This lists all thread running time in User Mode

clip_image009

Running HTTP Request

If the main thread runs a HTTP Request, it will dump out URL and Query information.

clip_image010

JavaScript call stack on Threads

Node.JS executes sync tasks on one single main thread. If there is any JavaScript code running on the single main thread, the report will parser the JavaScript call stack as below:

clip_image012

For the call frame which runs JavaScript function, click the Hyperlink of the call frame number, the function source code will be displayed and rendered with JavaScript Syntax:

clip_image014

Native C/C++ and JS Stack Traces on Threads

This gives you a complete view for all running call frames on each thread, not only JavaScript, but also native calls (such as Node and V8 modules). Regarding the thread which contains JavaScript frames, it also shows Arguments object list for each JS frame.

clip_image016

Active Handles in Async Queue

Node.JS supports async calls. It is possible that all threads don’t explicitly execute JavaScript tasks on call stacks, but many async tasks are pending executing or waiting for callback. The pending async tasks associate active handles in the async queue (a double link structure). By looking at the handles and related objects we can know the nature of those async tasks and then perform necessary tuning.

This section gives latest 100 active handles and wrapped objects info:

clip_image018

Click the hyperlink of the object address, it displays the Object properties:

clip_image020

Memory Usage

This part provides a flat memory usage summary from different memory category:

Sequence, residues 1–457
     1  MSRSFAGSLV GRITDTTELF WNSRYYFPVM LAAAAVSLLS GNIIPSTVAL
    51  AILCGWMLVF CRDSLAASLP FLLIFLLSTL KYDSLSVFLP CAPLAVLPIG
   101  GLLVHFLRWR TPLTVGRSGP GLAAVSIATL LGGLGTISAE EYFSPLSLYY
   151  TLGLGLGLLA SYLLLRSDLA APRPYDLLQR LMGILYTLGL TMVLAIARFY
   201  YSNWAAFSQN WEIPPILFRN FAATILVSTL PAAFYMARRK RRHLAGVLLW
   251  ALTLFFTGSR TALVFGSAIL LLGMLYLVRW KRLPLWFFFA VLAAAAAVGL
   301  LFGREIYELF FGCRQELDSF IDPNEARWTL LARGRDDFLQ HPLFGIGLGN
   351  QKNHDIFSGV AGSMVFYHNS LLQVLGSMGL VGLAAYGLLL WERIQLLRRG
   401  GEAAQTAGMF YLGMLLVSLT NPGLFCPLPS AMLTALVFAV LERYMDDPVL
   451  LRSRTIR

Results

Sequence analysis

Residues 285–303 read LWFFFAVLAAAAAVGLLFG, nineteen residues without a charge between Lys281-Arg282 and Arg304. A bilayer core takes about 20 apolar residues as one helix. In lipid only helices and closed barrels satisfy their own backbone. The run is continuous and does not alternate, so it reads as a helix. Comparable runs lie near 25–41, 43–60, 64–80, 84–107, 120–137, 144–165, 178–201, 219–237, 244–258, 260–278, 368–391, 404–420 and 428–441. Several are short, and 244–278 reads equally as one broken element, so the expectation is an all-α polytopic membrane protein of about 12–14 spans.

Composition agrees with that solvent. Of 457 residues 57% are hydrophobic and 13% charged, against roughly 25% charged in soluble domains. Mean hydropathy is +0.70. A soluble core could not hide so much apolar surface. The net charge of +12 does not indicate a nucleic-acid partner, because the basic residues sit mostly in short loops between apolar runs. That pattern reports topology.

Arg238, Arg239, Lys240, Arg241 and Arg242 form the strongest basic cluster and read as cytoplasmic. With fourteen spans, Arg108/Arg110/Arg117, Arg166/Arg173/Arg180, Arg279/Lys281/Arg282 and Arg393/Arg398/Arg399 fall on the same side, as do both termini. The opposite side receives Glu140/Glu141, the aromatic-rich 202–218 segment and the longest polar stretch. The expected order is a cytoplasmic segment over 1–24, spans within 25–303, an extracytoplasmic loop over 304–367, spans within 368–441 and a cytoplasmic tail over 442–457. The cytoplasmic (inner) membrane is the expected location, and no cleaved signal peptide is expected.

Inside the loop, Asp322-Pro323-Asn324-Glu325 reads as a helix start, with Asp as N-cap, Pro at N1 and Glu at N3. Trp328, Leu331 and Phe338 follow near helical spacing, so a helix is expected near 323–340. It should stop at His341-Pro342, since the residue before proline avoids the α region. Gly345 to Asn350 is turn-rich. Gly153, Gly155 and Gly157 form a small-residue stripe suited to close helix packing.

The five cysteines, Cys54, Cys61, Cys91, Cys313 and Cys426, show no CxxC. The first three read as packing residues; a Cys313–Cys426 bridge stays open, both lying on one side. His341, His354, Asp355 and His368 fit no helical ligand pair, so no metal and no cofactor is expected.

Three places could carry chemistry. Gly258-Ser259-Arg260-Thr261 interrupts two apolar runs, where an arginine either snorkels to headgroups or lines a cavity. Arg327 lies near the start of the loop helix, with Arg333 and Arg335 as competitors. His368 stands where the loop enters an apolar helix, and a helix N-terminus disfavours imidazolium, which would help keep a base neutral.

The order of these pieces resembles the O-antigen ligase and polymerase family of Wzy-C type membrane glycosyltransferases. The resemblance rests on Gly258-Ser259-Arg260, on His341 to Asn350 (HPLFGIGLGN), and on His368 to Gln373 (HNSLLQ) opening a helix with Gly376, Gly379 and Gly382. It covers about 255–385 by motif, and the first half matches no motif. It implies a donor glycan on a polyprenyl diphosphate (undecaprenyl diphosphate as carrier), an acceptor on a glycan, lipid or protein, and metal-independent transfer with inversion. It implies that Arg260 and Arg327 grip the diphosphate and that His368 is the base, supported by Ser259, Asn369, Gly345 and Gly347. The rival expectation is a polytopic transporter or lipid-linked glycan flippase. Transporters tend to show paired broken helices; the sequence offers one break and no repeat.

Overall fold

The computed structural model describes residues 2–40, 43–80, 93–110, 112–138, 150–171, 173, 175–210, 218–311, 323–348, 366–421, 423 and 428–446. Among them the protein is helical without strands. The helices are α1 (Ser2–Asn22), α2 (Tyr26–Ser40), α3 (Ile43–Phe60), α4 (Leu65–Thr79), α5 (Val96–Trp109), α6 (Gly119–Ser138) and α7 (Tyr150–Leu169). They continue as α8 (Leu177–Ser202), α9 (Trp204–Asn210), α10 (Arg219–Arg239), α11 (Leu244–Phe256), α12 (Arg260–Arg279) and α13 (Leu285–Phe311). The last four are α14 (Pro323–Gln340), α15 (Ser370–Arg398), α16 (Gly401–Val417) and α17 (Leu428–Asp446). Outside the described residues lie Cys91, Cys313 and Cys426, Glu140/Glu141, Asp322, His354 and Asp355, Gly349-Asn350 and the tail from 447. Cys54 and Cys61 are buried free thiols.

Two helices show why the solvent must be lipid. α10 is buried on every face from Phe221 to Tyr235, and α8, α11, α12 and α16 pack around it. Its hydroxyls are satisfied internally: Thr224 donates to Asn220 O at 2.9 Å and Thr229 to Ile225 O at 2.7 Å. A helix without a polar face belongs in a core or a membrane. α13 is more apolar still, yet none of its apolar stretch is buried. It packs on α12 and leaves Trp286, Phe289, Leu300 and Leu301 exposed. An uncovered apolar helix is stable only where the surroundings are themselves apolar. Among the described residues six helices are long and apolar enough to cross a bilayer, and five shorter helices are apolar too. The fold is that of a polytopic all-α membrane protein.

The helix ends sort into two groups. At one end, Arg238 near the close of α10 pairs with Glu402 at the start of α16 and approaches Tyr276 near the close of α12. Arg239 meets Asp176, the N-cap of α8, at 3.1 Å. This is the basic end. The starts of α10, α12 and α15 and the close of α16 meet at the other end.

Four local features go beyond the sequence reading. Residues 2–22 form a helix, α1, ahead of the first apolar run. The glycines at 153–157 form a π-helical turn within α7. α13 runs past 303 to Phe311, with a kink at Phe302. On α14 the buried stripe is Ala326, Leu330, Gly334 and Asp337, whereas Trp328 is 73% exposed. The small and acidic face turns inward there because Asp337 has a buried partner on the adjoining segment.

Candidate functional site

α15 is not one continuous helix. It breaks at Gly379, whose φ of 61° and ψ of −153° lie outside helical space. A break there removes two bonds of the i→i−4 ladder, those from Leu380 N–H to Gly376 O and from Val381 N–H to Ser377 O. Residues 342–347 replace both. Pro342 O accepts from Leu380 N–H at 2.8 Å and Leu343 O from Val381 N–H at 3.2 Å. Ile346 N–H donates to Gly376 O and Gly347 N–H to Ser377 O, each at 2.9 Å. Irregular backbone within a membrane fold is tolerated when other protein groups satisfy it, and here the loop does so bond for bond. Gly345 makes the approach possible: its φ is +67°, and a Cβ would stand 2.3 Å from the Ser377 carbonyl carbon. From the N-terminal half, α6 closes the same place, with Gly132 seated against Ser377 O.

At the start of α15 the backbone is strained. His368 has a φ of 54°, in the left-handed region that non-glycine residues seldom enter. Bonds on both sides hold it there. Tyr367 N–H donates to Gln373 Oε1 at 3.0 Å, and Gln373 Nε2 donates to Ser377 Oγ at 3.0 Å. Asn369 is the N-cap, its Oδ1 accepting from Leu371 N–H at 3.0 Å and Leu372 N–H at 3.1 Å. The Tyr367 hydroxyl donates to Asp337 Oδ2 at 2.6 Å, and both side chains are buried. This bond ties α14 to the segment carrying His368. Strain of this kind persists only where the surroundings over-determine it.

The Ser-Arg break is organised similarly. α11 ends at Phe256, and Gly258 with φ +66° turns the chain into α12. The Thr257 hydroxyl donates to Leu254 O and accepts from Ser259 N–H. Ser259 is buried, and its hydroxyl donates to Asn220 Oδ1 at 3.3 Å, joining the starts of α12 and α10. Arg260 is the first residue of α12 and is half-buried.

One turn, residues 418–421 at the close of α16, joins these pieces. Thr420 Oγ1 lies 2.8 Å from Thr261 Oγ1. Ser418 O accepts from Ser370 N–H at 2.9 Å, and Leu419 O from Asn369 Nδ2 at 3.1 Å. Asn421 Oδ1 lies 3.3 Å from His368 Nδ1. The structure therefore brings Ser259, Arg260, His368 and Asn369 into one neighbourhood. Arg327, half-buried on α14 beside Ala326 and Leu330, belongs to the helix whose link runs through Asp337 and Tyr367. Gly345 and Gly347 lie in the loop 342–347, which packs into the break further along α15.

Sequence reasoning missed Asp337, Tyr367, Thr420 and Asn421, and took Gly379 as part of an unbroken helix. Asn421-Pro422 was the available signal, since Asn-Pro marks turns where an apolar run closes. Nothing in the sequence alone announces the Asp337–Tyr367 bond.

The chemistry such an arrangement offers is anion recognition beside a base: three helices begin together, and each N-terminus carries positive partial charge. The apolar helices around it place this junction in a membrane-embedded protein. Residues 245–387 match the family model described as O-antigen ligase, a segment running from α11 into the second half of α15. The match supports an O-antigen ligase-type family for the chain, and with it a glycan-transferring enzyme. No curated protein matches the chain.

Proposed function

clip_image022

 

Thanks,

Freist Li

(599)

How to capture and analyze dump for intermittent High Memory on Azure Web App

Previous posts introduced how to capture dumps for intermittent Exception and High CPU issues on Azure Web App. Today Crash Diagnoser V1.3 supports High Memory dump capture too. Here are quick configure steps:

1. Install Crash Diagnoser from Site Extension Gallery. For detailed installation steps, click here. If you installed it before, can update it from Microsoft Azure Portal.

clip_image002

2. Open https://yourwebapp.scm.azurewebsites.net/crashdiag , click the 2nd Chance Unhandled Exception tab, choose your target process name. The default options include w3wp, node, php-cgi.

If you want to monitor other process, such as mywebjob.exe, just type the process name mywebjob manually in the field.

3. Select the Monitor Memory field as “Yes”. Set the Memory Threshold, and Memory Type (Private or Virtual). The summary info explained details.

Note: This guide simply used 2nd chance exception + Monitoring Memory scenario. Actually either 1st chance or 2nd chance Exception, CPU and Memory monitoring rules can be used at the same time.

clip_image004

4. Click the Start button. Will see the title status changes:

clip_image006

5. If the high memory issue happens, the dump will be generated and displayed in the Dump File List:

clip_image008